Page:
Sign of the Times
A monthly market commentary
“Succession & Consolidation Issues That Happen Every Day”
Think back to when you started your company. Not unusual for many successful entrepreneurs to have started without a college education, or perhaps with a state university pedigree.
What this person does know is that they have a knack for business and they dont like working for someone else. The business may have been started by getting a second mortgage on the house, borrowing from the in-laws, maxing out the credit cards and even raiding the children's college fund.
He (if you are female, please substitute "she" :), works around the clock, six and seven days a week. His wife takes care of the house, but also helps out at work doing whatever needs doing. This is the 24/7 woman we have always heard about. I've never known a 24/7 man. Not sure I want to know one. Anyway, after surviving a number of near-death experiences, the business is going pretty well--he's not taking any big salary, but he can pay the bills and the business is expanding. Excess profits are ploughed back in to growth.
Despite the fact that he went to public schools, he sends his three children to private schools. He joins the country club but rarely uses it. However, his kids love it and are good golfers and tennis players.
Business clicks right along. The company becomes well known locally and he's also been able to expand to a few other cities within the region. The company is receiving recognition for its achievements with numerous local and regional awards.
He sends his kids off to elite colleges and loves telling anyone who will listen about his children's success. During summers, he offers his children opportunities to learn different parts of the business, but nah, they're off to Europe instead.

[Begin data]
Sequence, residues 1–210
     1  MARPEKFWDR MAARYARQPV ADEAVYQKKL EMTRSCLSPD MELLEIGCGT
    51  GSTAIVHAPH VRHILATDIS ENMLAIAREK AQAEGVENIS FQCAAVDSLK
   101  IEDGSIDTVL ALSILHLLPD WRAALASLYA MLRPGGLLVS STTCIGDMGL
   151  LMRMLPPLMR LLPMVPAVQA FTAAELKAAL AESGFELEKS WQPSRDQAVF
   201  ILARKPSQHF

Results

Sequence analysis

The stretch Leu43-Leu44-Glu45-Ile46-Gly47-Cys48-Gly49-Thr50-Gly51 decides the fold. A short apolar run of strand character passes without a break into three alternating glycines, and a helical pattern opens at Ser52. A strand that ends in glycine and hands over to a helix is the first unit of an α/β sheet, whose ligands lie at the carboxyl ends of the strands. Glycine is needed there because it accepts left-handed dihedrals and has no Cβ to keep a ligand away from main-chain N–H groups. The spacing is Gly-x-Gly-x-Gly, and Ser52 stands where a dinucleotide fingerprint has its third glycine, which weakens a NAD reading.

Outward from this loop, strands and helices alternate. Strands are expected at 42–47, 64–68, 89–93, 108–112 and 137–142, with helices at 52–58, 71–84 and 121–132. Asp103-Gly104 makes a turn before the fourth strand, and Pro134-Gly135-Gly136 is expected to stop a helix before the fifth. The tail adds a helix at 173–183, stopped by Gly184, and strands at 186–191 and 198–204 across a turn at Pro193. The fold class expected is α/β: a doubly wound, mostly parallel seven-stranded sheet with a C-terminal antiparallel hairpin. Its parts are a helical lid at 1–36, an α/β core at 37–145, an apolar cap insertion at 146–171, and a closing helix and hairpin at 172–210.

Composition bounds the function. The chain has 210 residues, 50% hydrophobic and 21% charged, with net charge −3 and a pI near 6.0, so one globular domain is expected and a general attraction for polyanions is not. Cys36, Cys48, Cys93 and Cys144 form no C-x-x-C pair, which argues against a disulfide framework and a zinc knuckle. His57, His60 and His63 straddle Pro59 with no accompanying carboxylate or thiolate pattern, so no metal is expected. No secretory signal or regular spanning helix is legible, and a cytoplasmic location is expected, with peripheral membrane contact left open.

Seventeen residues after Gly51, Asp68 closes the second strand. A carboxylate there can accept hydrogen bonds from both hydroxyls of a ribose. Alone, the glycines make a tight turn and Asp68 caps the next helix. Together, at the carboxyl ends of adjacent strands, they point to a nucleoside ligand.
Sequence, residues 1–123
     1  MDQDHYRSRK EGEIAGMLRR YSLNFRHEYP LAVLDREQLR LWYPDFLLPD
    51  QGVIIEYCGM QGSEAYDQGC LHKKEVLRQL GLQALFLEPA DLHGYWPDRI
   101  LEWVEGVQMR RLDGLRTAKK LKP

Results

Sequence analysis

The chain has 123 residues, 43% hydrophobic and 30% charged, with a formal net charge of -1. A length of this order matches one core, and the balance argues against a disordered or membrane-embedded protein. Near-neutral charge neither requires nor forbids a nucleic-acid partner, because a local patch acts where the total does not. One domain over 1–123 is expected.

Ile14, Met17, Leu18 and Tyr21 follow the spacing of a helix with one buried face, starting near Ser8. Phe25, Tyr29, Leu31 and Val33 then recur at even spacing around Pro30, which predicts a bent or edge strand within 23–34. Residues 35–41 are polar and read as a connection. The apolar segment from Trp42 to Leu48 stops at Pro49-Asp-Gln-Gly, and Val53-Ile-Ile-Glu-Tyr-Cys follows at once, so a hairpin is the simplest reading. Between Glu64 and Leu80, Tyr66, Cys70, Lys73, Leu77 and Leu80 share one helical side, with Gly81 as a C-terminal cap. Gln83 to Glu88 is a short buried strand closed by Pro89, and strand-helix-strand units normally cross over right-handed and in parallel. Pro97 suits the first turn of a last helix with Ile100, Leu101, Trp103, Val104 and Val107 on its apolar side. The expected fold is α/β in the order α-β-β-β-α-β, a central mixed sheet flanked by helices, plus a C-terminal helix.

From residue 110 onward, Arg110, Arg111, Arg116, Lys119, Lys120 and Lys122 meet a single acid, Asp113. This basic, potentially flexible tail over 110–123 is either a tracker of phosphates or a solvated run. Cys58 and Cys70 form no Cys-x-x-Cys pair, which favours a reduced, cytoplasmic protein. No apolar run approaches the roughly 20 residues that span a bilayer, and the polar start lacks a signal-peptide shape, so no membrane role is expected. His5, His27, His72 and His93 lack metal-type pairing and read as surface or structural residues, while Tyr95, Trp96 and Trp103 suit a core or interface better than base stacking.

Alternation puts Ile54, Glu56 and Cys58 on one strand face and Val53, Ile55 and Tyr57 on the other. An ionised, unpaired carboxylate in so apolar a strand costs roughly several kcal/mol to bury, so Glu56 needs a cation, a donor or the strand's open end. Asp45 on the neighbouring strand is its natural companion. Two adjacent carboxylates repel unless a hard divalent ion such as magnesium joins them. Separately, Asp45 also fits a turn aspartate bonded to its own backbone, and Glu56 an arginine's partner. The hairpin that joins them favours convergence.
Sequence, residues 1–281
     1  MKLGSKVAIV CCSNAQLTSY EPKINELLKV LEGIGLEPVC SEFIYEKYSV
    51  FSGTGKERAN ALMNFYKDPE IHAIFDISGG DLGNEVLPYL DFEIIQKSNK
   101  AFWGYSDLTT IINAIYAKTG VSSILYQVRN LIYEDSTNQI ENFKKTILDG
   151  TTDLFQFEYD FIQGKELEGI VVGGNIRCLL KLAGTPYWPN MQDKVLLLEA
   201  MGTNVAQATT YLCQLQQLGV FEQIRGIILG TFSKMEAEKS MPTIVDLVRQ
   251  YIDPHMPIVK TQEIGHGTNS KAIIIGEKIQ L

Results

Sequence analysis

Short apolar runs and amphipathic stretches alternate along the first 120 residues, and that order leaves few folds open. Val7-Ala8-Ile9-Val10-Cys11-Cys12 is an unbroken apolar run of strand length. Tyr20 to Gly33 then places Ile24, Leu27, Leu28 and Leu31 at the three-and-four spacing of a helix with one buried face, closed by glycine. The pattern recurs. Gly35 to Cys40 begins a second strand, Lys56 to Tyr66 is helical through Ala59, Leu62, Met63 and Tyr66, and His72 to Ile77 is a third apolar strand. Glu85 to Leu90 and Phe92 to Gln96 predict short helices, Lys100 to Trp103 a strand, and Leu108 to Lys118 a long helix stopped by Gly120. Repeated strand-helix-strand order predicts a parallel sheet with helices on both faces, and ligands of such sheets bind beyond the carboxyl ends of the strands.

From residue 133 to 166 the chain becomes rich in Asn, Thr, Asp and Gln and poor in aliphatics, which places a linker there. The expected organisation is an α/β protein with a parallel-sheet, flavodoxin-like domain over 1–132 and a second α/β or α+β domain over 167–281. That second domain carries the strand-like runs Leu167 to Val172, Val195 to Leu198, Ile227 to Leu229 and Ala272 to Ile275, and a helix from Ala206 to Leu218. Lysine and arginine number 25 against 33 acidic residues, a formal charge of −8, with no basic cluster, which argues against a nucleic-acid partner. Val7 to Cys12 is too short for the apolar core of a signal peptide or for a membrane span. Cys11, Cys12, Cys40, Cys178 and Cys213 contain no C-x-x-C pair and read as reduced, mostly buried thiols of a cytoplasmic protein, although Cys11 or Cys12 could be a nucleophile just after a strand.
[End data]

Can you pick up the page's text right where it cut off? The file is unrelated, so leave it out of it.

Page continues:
The kids finish college and grad school. After bumming around for a few years they convince their dad that they should get experience elsewhere at another company or another industry before they come back.
The kids move to New York City, Chicago, San Francisco or London to begin their careers where remarkably, a lot of their friends from school are living. Life's good.
Dad still works six days a week, but he finds he is actually starting to enjoy going on vacation and playing golf. His kids have been promising him for 10 years that "next year" they are going to move back to join the family business.
New technology is creeping into the industry and although Dad is less than comfortable with it, he begins to adopt it not exactly sure how it all works. His fear in not using it is that he will be left behind. XYZ, a company in the same business where he was friends with the CEO (both were the industry association president at different times) has just gone public with a very healthy multiple. Now with a public stock, they are buying up everybody.
Having seen XYZ's IPO, some of his long-time customers start asking questions--a few even start to do some business with XYZ on its e-commerce site (something his company doesn't even have yet). All sorts of issues start arising, like China, India, and outsourcing. Things were a lot simpler when all he had to do was make the customer happy and keep his costs low..
XYZ is getting more and more of his business--they are charging 20% less, which he thinks is insane. When he talks to his lost customers, they say that a combination of factors attracted them to XYZ--doing business with them is cheaper, faster, and better.
He looks at XYZ's public financial statements--and can't believe his eyes. Despite charging less, they have higher margins!
His health is starting to concern him. His doctor has told him he needs to slow down--at the time his business needs him to speed up! He calls his children to see if they are ready to come back--they each tell him "No", that it wouldn't be fair to their kids, but they do thank him for setting up his grandchildren's trust funds and paying for their private schools--it really helps. He tells his kids he understands as they tell him how much more difficult and expensive it is today than when he was growing up. Gas was probably only 25 cents a gallon then (hmmm, if they even HAD gas back then) verus $3.39 a gallon today.
Reluctantly, he hires a firm to represent him in the sale, merger or acquisition of his company. Eventually, he merges with XYZ.
XYZ's stock goes up as the acquisition is accretive. He leaves after 6 months as he disagrees with decisions that are being made at the top. Sealing his frustration was a phone call with the CEO, in which response to his complaints was, "Last time I checked, we bought your company."
Sound unique? Not a chance. It happens every day on Wall Street.